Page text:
Well, I made it to D.C. I took the Amtrak from Newark Penn Station where I ran into an old friend, which I am taking as a really good omen for the festivities to come. The Amtrak was PACKED and everyone was in good cheer, at first. After an hour or so in, the train was stopped. Apparently we were on the rails behind the Obama train. When they stopped in Delaware to pick up Biden, we were stranded on the tracks. Then, the train went so slowly that I wanted to get out and jog ahead. I thought I was going to have a nervous breakdown. TaRessa said, “It’s historical.” I said, “It’s hysterical.” I think this is going to be one of the themes of the weekend. When is there just too much performative drama associated with the event? I’ll let you know.
Anyway, we finally we arrived in DC. The energy in the city is sort of like spring break week. Lots of excited, giggly people with suitcases. I am glad to have traveled on Saturday when everyone was still in a good mood. Also, I think the Amtrak crowd is more likely to be made up of Obama supporters. At the airport, another friend said he overheard two McCainiacs. (I guess they are the last ones.) Anyway, he said he heard them say, “It’s crazy in DC this weekend. You would think they were handing out free gas and reparations.” (I *wish*. The little jaunt is expensive!)
I opted to stay a little outside of town in Bethesda. My hotel is pretty good but not good enough to justify the price tag, but I am not even going to worry about it. Tomorrow is the American Scholars Ball. I am mad that I let my friend convince me to leave the stilettos at home. Her reasoning, “We don’t know what to expect. What is there is no where to sit? What is we have to walk a couple of blocks to get to the Four Seasons? If you can’t walk, no one has any fun. And you are wearing a LONG DRESS! No one is going to see your feet!”
If you look at the time stamp on this post, you’ll see it’s about 6:30am. I am waiting for the shoe stores to open….
Today, was an excellent day in the FEMRITE residential writing conference. We rolled up our sleeves and got down to business. The day is structured so that we meet from 8am to about 10am—when we break for tea, and then back to work again until lunch at one. Afterwards, we get together again and work until 3pm tea and then plow on until 5pm. It took a while to get used to stopping for tea—which means hot chocolate and cookies, but it doesn’t take long to be accustomed to luxury.
The bulk of today was spent with my advanced class, who are in the picture. We workshopped a really interesting story about a girl returning to school after escaping abduction by rebels. The conversation went on so long, we almost missed our tea. As we sipped on our cocoa (made with hot milk, not water. Hot WHOLE milk.) we also discussed Dorreen Baingana, with whom I am obsessed. The conversation was lively and I think we all learned a lot from each other.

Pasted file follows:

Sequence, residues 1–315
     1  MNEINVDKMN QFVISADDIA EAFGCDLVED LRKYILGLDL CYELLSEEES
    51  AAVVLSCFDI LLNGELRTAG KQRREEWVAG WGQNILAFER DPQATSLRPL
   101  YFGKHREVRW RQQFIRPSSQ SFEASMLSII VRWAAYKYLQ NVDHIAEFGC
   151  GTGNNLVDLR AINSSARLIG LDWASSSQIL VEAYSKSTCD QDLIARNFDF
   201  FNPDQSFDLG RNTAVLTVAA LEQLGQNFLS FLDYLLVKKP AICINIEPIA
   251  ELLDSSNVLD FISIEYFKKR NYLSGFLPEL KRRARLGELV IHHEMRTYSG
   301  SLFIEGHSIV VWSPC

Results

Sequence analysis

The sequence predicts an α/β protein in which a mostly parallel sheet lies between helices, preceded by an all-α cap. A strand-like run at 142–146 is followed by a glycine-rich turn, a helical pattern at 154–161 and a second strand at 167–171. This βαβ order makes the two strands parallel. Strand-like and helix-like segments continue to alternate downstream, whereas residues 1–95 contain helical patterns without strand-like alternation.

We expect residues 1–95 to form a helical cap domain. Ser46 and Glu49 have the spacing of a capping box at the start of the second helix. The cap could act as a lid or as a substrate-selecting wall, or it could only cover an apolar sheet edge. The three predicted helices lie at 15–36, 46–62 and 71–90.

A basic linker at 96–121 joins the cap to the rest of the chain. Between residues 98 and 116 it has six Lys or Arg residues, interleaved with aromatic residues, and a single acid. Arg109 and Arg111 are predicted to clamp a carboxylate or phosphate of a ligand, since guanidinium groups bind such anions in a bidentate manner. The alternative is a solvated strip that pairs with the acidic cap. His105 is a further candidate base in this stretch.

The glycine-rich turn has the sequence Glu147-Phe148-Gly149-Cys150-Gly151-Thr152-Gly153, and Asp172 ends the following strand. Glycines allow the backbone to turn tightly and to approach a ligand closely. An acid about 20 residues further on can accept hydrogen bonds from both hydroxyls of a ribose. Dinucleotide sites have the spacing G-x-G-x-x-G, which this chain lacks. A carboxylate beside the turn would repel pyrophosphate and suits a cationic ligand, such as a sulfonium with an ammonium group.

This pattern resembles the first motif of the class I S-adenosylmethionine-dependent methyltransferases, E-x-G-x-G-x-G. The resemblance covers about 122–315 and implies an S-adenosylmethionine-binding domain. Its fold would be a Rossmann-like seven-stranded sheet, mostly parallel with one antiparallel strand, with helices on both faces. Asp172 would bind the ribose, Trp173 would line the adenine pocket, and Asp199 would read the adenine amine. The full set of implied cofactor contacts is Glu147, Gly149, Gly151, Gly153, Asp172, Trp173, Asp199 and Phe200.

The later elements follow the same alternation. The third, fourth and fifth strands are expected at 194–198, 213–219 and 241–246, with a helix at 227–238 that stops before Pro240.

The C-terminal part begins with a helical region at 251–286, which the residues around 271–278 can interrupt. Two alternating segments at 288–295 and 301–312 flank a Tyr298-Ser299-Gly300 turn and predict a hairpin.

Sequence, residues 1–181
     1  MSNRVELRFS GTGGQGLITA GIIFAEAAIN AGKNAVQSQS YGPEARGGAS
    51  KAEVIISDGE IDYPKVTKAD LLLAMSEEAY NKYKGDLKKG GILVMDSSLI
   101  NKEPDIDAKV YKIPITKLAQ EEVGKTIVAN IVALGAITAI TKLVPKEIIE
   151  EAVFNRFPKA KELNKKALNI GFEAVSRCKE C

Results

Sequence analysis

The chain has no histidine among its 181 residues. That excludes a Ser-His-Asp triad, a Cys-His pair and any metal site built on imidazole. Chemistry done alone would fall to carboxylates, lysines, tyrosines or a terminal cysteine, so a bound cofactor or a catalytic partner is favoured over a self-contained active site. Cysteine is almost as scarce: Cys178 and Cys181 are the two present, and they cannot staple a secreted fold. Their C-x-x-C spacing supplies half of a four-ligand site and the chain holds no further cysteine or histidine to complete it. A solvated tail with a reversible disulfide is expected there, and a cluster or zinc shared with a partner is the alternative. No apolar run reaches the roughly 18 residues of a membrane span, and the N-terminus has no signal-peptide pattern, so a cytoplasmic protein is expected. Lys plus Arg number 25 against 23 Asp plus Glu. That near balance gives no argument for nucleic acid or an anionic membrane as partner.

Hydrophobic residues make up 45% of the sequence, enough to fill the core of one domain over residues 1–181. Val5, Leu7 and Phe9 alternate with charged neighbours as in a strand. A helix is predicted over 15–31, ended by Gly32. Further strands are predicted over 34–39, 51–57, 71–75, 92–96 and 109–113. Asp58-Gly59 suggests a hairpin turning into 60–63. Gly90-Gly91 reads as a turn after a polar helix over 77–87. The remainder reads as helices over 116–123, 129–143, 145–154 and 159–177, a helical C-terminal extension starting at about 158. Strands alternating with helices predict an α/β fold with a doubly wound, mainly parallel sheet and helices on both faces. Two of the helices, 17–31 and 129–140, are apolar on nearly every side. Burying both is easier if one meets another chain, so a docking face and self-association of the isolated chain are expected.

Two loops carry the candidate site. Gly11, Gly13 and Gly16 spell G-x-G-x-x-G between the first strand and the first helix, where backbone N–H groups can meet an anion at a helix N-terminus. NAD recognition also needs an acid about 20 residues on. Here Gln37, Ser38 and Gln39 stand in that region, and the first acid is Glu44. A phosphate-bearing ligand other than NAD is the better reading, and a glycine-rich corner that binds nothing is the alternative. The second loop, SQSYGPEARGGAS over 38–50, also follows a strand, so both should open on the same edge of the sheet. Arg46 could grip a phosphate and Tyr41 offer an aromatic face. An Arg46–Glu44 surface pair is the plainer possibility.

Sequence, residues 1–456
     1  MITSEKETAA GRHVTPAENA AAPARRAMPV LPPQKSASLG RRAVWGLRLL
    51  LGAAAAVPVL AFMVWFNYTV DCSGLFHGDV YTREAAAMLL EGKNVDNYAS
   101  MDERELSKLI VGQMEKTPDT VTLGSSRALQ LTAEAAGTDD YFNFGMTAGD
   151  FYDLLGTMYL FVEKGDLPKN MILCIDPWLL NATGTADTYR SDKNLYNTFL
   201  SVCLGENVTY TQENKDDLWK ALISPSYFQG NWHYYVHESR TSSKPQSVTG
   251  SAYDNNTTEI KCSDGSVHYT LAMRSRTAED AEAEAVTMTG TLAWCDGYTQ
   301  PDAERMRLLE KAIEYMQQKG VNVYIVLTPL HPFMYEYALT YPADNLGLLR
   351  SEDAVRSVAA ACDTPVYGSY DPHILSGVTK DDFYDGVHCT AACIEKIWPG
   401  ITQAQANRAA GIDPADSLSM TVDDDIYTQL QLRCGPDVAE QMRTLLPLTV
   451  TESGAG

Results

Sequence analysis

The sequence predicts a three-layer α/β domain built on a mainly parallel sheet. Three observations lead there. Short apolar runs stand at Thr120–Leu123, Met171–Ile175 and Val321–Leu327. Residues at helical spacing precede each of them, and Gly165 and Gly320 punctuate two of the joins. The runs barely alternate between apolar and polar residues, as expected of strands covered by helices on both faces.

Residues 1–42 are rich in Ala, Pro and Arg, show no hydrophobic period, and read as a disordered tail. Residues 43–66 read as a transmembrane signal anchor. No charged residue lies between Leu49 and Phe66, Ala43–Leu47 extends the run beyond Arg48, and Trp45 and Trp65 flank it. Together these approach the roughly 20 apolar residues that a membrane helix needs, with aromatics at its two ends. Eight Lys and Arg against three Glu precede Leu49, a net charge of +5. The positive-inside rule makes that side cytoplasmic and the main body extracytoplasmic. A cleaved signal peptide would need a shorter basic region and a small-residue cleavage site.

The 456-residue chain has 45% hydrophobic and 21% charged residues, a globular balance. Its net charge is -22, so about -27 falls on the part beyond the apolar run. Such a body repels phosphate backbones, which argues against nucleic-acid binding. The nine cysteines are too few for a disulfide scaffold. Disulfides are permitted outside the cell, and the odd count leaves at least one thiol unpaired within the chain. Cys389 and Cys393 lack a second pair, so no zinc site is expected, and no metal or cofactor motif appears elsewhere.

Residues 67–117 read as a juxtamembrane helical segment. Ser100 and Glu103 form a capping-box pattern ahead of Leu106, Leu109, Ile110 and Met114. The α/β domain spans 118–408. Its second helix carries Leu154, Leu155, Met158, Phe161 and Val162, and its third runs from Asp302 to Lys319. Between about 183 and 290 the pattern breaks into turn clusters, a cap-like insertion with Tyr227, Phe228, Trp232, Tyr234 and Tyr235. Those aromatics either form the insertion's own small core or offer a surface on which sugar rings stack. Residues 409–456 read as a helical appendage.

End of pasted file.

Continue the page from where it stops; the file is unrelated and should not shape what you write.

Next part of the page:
Tonight, there is a dinner with the folks from the US Embassy. It will be cool to meet them after so much emailing. Tomorrow morning, it’s back to the conference. There is a part of me that’s a little disappointed that I haven’t been able to do much sight-seeing. But at the end of the day, it’s the people that make a place and I have made such wonderful new friends.
I’m giving up on posting photos. That will just have to wait until I get home. I couldn’t resist, so you can follow me on twitter. (www.twitter.com/tayari)
I am having a really good time here. About thrity women are registered for the residential workshop. We are divided into two groups, beginner and advanced. We’ve only met one day, but there is such energy in the room.
Uganda has a bit of a different vibe than Ghana. When I was in Ghana, the people seemed very much into the idea of the children of the Diaspora returning home. I suppose this is a result of the Pan African rhetoric of their independence. Also, with slave dungeons dotting the countryside, there really is no way not to make a connection.
People here area very kind– especially my hosts. However, I often overhear people refer to me as a “foriegner.” I suppose that is what I am, but it is disconcerting to hear that word applied to oneself. I have read a lot of immigrant literature and this work comes up a lot, but I now can really understand how alienating this is.
Well, I need to get off this machine before it crashes again. Also, my driver is here to take me to the workshops. More later!
Yesterday, I went to a most amazing dance performance. My hosts insisted;although I was a bit tired they promised it would be worth staying up for. (I was a bit apprehensive. I tell you, they need a better word than plain “jet lag.” What I feel is much stronger than mere jet lag.
Anyway, they were right. The dance performance was breath-taking. the dancers hail from various ethnic groups throughout Uganda. You could just see the audience members swell with pride when their own group was represented. When I say dance recital, I know you are imagining sitting in a dull auditorium– but this was an outdoor event. The dancers, dressed in colorful costumes performed a series of narrative dances– it had all the story-line of Swan Lake but with triple the entertainment value and quadruple the emotion. The picture you see here, I snapped with my blackberry, but I hope to soon display the pictures I took with my real camers. (IT issues)br />
The highlight of the performance was the dance for peace. The women dancers keep adding pots atop thier hands as they danced. By the end, the pots stood ten high. The meaning is that those is power should be careful, ballance all the pots, and leave none to break– no matter how vigorous the dance.